The above animation bewteen the Suomi/NPP VIIRS Day/Night Band and the brightness temperature difference between the longwave infrared image and the shortwave infrared image (that highlights water-based clouds because of emissivity differences at the two wavelengths) shows fog/low stratus in the river valleys of Pennsylvania. The high spatial resolution of Suomi/NPP allows remarkable detail, and the near-Full Moon provides ample illumination. How well did more conventional satellite imagery depict the developing fog? The GOES-13-based IFR Probability Field, below, shows relatively high values in regions over Pennsylvania that are near the river valleys, but GOES lacks the spatial resolution to portray adequately the horizontally confined river valley fog — although someone with knowledge of Pennsylvania Geography can infer a lot.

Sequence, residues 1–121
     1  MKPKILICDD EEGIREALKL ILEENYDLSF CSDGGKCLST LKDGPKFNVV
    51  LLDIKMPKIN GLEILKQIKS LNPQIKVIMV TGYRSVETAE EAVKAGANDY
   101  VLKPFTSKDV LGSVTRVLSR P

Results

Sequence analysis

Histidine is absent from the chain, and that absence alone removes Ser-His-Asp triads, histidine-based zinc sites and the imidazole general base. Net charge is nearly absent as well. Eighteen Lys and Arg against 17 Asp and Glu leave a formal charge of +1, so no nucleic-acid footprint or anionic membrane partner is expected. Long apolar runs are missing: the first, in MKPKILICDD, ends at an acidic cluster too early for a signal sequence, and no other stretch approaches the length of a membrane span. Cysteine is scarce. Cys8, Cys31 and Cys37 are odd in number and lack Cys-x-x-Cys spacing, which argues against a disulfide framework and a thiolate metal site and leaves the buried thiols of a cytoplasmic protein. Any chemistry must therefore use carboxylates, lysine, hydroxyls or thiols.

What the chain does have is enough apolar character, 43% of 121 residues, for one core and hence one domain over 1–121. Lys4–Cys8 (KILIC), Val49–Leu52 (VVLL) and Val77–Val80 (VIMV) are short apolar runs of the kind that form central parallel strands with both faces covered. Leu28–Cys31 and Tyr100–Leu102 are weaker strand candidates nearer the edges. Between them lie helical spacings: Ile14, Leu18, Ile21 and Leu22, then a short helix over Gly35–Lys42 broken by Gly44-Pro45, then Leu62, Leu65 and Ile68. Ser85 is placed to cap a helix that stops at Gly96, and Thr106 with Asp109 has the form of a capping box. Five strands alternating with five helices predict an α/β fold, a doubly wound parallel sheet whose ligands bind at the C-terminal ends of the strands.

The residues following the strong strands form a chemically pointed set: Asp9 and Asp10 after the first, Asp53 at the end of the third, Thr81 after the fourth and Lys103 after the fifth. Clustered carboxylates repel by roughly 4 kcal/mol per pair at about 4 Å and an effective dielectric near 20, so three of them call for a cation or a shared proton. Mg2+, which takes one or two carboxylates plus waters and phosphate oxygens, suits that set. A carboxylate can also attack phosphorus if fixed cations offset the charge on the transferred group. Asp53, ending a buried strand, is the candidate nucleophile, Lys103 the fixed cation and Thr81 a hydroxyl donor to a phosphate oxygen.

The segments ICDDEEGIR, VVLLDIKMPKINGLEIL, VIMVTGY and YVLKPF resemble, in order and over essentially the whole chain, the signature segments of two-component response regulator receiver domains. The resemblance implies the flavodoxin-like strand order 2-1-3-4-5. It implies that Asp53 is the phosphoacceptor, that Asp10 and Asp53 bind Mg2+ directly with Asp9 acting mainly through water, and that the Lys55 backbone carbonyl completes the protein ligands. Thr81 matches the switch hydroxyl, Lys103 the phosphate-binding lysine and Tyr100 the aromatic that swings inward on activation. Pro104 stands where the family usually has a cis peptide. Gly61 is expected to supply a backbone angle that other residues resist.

The strength of GOES imagery is temporal consistency and 15-minute timesteps. Polar orbiter data can only give occasional looks. For example, MODIS Imagery can be used to generate brightness temperature differences and IFR Probabilities, below, but they are produced only every 90 minutes at most (although they will still give useful information, even at the edges of the MODIS swath where resolution is degraded).
The animation of IFR Probabilities from GOES-East, below, nicely depicts the slow increase in Valley Fog. This animation in concert with knowledge of the geography, augmented with the occasional high-resolution imagery from polar orbiters, as above, should allow a forecaster to describe the location of fog development overnight.
Visible imagery, below, shows the dissipation of the fog during the morning of August 21st.